• This is an actual question that a psychologist had in a questionnaire intended to determine if the veteran is a danger or not. What does this question mean? To the sheep (non combat veteran) this might bring images of the veteran dressed in cammo, hiding in the bushes at home, watching the neighborhood as though the person is ‘still at war’. Ask any veteran worth their salt this question and they will say ‘yes’. Example, when I get out of my truck at night I take a moment to scan my environment. I look for strange things. If I hear an odd noise at night, I go investigate. Veterans are not guilty of ‘bystander effect’, we do not stand by and watch as a helpless person is beaten on the street. If we see something, we investigate it. We are guard dogs of our world. So I’ll park my truck, take a look around, and go into my apartment. If I notice something out of place I’ll investigate it or call it up to the police. To me this is ‘patrolling the neighborhood’. Yet to some psychologist, my answer of ‘yes’ to this question is not indicative that I am a ‘protector’ but that I cannot leave the war behind and that I am possibly reliving combat trauma and, therefore, I have PTSD. Wrong.
  • This is a useful phrase. It is a quick version of the Serenity Prayer. Yet it can also disguise a sense of helplessness.
  • I do not like the current anti-suicide programs in the military. They are not written by warriors, or guard dogs, but by other sheep. (for clarification, see the essay “sheep, wolves, and guard dogs” by Lt Col Dave Grossman. These are essentially asking people to exhibit weakness. I heard a story about a computer design convention that had a computer on a stage. An elderly man was asked to come up on stage and turn on the computer. He picked up the mouse and started speaking into it as though it were a phone. The audience, a group of engineers and designers, laughed. The elderly man was thanked and asked to leave. Then the person in charge chastized the audience. How dare they laugh at the elderly man. It wasn’t the man’s fault he had no idea how to use a piece of machinery he never saw before. It was the fault of the designers in not making it intuitive enough. In psychology we have lots about treating people with depression and suicide. Yet combat soldiers do not follow these terms. They don’t live in this world. They live in a simple world where people’s honor is on display through behavior, where weakness is despised. Trying to bring them around to our ‘psychobabble’ is not working, has not worked, and will only continue to breed ridicule and distrust among the ranks against such programs as the ACE (ask, care, escort) and ‘courage of a warrior to ask for help’ approaches. Instead of getting them to buy into our product, we’ve got to speak their lingo in their values and give them a way that works in their world.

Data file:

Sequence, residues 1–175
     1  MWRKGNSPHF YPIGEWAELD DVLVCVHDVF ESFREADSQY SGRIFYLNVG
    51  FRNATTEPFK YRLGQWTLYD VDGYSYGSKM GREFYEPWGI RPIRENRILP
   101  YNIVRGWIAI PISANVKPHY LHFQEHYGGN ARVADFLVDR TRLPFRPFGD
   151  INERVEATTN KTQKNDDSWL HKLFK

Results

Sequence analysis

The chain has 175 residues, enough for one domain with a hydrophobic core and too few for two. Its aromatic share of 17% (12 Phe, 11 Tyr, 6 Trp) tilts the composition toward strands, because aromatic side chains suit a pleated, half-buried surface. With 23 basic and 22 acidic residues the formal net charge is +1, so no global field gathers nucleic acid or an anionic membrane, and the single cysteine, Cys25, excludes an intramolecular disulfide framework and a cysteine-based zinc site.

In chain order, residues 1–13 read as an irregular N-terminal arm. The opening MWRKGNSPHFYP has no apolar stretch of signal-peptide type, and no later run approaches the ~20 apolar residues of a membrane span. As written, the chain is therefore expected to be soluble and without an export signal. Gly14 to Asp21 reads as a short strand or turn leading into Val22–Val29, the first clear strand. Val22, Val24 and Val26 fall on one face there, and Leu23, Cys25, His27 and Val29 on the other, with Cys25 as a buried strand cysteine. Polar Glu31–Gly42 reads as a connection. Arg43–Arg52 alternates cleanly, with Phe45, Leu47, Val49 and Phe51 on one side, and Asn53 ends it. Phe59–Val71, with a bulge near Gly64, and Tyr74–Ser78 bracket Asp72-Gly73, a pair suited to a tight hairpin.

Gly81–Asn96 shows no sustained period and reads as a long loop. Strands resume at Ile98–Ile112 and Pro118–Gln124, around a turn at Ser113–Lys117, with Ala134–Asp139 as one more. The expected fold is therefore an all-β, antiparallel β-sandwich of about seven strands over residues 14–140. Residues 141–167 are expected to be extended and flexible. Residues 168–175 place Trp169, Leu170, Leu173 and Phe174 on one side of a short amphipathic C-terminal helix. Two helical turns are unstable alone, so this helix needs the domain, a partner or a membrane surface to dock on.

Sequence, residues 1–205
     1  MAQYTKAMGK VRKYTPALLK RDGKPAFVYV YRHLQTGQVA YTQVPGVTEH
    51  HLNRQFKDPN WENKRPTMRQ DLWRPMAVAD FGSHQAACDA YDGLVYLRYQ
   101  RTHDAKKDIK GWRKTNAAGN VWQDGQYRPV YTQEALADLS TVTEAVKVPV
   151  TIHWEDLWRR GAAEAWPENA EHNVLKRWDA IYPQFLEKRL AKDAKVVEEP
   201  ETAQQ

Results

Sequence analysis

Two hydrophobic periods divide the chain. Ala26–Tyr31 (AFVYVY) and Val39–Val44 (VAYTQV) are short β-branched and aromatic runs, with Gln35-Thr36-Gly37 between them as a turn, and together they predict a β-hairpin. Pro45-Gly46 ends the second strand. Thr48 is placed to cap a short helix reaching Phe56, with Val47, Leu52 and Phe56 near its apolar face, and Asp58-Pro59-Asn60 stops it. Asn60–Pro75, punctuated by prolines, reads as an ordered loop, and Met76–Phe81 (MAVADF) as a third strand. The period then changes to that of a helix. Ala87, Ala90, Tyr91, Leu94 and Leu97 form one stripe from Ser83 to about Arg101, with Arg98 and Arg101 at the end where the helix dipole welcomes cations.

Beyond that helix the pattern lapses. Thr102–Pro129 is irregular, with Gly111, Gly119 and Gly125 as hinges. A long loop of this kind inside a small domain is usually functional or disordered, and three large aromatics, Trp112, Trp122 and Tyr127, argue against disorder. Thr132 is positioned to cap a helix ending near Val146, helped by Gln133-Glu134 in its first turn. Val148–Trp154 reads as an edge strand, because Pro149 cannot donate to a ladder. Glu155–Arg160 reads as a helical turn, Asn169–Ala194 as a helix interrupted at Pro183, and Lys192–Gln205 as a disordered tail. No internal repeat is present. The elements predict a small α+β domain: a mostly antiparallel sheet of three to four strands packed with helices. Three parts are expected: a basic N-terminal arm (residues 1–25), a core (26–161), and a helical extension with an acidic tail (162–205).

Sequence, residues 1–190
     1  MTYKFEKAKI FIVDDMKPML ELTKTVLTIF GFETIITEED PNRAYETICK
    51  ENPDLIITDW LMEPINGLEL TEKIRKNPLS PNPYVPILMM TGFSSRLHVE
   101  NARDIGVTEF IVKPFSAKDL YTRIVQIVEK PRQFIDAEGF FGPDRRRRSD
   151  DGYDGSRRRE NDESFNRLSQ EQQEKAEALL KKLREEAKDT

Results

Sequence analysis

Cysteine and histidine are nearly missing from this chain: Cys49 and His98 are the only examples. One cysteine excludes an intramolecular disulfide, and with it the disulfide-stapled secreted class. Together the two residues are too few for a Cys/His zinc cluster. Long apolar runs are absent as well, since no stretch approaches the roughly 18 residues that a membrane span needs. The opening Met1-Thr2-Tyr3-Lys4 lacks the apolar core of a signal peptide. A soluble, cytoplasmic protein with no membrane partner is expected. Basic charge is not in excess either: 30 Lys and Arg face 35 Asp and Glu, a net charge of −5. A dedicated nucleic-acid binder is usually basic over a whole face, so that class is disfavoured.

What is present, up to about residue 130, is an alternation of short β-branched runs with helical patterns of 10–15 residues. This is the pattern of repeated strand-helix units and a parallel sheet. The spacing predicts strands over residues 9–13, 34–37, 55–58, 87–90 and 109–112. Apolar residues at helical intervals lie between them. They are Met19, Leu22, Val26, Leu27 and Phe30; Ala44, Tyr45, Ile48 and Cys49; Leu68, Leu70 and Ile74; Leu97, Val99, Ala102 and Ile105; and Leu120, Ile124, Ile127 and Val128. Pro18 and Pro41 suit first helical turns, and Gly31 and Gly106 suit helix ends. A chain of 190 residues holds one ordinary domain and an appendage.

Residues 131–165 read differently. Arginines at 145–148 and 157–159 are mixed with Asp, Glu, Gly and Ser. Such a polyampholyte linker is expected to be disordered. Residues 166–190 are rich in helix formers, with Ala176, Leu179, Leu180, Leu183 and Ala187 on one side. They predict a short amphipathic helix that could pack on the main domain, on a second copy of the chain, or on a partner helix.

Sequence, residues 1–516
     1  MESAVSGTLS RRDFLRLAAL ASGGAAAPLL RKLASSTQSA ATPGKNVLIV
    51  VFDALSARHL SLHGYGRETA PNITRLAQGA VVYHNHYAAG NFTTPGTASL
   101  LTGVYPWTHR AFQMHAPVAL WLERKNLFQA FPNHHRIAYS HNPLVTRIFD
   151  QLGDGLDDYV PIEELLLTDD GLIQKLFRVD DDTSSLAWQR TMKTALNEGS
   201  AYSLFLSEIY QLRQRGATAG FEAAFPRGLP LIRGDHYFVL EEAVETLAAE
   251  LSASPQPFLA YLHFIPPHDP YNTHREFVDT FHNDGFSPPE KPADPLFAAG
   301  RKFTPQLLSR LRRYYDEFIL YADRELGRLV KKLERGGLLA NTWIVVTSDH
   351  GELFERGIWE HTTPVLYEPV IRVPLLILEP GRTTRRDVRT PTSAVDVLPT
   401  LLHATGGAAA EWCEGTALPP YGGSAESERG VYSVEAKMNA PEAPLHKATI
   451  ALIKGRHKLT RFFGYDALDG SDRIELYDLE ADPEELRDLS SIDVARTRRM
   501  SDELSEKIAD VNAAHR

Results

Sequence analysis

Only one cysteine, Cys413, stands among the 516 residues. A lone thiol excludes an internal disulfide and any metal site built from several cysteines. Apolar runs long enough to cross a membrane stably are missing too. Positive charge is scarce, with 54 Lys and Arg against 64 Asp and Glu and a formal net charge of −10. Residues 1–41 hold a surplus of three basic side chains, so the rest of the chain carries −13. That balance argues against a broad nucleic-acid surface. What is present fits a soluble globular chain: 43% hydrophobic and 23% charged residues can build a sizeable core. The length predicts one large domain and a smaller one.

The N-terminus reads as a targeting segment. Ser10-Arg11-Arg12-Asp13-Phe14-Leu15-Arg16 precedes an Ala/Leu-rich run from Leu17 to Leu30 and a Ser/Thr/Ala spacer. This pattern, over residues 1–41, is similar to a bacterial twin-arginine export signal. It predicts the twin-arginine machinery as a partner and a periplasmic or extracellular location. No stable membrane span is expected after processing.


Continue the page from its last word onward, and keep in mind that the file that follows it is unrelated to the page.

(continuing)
• From the “soldier box”, beliefs that shape a soldier’s rules of behavior. From the CADRE Program of domestic violence treatment. www.cadreprogram.org
  • I was in uniform and stopped at a café for some coffee. A kindly old lady asked me this question. Without missing a beat I answered “everything within sight”. I am a guard dog.
  • It was Oregon National Guard soldiers that responded to a mall shooter in Tacoma, Washington by helping to evacuate civilians and others who were panicked and frozen. These guardians helped save some lives by responding to help.
  • Great song. Listen to this and you’ll get our feeling. Stand with me you’ll never stand alone.
  • You've Gotta Be Crazy to Go to War

    1. 1. Ya Gotta Be Crazy To Go To WarPTSD in the Context of Military Culture
    2. 2. www.ptsd.va.gov
    3. 3. • It is important that therapists* to be educated in the warrior tradition and its rituals in order to recognize and help veterans identify with [the use of] warrior traits. Ignoring these traits is harmful to the veteran, for then the inner warrior remains invisible. Pathologizing the traits is also harmful, for then the vet is further wounded by reductionist interpretations that may minimize their importance to him… or empty them of their spiritual potency.• Edward Tick, Ph.D. War and the Soul
    4. 4. eddie.black@me.com
    5. 5. Women inCombat
    6. 6. Fighter Soldier Warrior
    7. 7. Three Reactions to Stressful EventFight Flight Freeze
    8. 8. Three Reactions to Stressful EventMove To Move Away Move Nowhere
    9. 9. Push Beyond Initiative Breaking TeamworkMilitary Bearing ObedienceAttention to Detail Support Your Team Abusive Uniformity Communication Style Individual Quick Action Mistakes cost EVERYBODY PUNISHMENT
    10. 10. Dissociative SymptomsEmotional numbingReduced awareness ofsurroundingsDerealizationDepersonalizationReduced ability to recalldetails of event
    11. 11. Increased ArousalTrouble falling or stayingasleepIncreased irritability andanger outburstsDifficulty concentratingHyper-vigilanceExaggerated startle response
    12. 12. B Buddies VS WithdrawalA Accountability VS Controlling InappropriateT Targeted VS AggressionT Tactical Awareness VS Hyper-vigilanceL Lethally Armed VS Locked and LoadedE Emotional Control VS Detachment Mission OperationalM Security VS SecretivenessI Individual Responsibility VS Guilt Non-defensive DrivingN (combat) VS Aggressive Driving Discipline and Ordering VS Conflict
    13. 13. To meet destruction or tocome through:these are the terms of war. Homer, The Iliad
    14. 14. Did you kill anybody?
    15. 15. Do you patrol your neighborhood?
    16. 16. It is what it is
    17. 17. Any phenomenon inhabited by a particular god must be addressed in the rhetoric of that god. James Hillman - A Terrible Love of War
    18. 18. Psychology
    19. 19. Couragecowardice rashness
    20. 20. What are youguarding soldier?
    21. 21. Thank You